- The test for whether support should be ongoing should be the basic test of the impact of COVID on the individual business (whether they meet the loss threshold). This provides the fairest support for workers.
- Why the scheme should be expanded
- The decision to exclude certain workers from JobKeeper has had a devastating effect on those workers. For example:
- International students queueing for hours in the rain for food in Melbourne. 17,000 applications for a food program for visa workers designed for 1,000 recipients.
- Many casual workers who didn’t qualify for JobKeeper were immediately laid off. This had placed many in housing stress and left them unable to afford basic necessities like food and medications.
- Lay-offs and pay reductions being experienced by university staff, local government workers and workers for foreign-government-owned enterprises.
- The Government has been forced to admit that JobKeeper will cost approximately half of its original estimate – this has removed the last excuse not to expand the scheme to all eligible employers and workers.
- JobSeeker absolutely cannot snap back to its previous $40 a day rate. The ACTU has long called for a significant increase to the rate of income support.
- The current Jobseeker rate of $1115.70 a fortnight is due to expire on 27 September 2020. It is made up of:
- $565.70 – the base rate of JobSeeker
- $550 – the Coronavirus supplement.
- On 27 September 2020, the Coronavirus supplement will end and the JobSeeker rate will revert to just the base rate – effectively halving the payment.
- Post-COVID, the current Coronavirus supplement should be made permanent and the current value of JobSeeker made the new base rate.
- This creates some complexity when comparing this new rate of JobSeeker to the rates of other payments in the social support system such as the aged and disability pensions. We should encourage Government undertaking a review of those payments, using the JobSeeker rate that they considered adequate during the COVID crisis as a benchmark.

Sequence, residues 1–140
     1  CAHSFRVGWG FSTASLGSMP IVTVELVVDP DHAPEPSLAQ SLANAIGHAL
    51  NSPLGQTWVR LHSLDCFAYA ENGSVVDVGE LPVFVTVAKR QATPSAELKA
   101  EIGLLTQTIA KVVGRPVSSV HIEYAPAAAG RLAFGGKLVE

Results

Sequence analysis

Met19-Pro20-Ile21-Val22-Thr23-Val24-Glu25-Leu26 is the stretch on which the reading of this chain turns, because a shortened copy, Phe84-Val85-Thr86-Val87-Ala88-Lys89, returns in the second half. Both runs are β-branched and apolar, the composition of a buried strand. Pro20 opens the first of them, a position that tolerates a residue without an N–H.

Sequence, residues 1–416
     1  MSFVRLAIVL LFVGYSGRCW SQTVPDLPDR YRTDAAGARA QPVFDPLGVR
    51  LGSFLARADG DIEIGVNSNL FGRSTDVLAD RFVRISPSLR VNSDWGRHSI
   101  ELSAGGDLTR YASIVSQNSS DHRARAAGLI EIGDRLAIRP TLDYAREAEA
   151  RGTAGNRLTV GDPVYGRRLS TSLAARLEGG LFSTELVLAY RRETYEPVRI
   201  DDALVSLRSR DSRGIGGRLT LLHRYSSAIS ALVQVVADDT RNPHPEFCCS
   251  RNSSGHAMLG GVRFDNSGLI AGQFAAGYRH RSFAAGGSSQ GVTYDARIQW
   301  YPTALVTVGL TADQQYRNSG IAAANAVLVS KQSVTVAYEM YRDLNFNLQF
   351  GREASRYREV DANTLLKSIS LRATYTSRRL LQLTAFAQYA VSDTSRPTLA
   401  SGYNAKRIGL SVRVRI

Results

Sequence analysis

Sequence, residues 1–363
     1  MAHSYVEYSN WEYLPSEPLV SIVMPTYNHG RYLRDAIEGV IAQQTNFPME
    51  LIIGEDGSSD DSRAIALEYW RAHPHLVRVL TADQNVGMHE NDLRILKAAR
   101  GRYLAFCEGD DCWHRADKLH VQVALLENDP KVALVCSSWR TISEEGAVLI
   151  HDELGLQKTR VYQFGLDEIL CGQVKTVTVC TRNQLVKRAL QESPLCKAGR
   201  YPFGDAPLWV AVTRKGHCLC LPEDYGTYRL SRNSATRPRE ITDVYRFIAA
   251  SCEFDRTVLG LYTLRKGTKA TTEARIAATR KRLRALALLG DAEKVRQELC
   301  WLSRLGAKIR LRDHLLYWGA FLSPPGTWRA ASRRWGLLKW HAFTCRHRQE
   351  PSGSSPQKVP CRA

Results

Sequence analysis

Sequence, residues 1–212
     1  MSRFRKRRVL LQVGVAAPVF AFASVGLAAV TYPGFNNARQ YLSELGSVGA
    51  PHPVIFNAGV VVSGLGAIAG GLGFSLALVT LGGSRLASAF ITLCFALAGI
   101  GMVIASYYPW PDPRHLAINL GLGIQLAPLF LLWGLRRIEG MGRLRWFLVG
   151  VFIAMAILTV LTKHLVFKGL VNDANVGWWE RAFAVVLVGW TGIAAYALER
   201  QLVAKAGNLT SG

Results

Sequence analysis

- The Aged and Disability Support Pensions (single) are currently 860.60 a fortnight, though most people will get supplements to bring it up to $944.30 a fortnight.
- The previous rate of $40 a day has been unacceptably low for too long. This is a rate that keeps people in poverty and which everyone from ACOSS to the BCA agree actively prevents people from participating in work and society.
- The rate has not increased, in real terms, for more than 2 decades.
- The Shelter Rental Affordability index has found repeatedly that Newstart is insufficient for people to afford adequate housing. The 2019 report found that a person receiving Newstart would have to spend 77% of their income to live in any capital city and would be required to spend 135% and 106% of their income to live in Greater Sydney or Greater Melbourne respectively.
- Keeping the current rate
- By raising the rate as a response to COVID-19, the Government has virtually admitted both that the old rate was inadequate and that it needs to be doubled in order to become adequate.
- There is no clear argument for why the new rate should be considered adequate under the current crisis but it would become needlessly generous under normal circumstances. Those that became unemployed during this crisis are no more at fault for their situation and no more deserving than those who were already unemployed prior to the pandemic.
- It is often argued that the new rate cannot be retained because it is too high compared to other payments such as the Disability Support Pension or the Aged Pension. This is an indication that these payments, like JobSeeker, have fallen behind the level of support required and they should be reviewed – not an argument to keep the unemployed in poverty.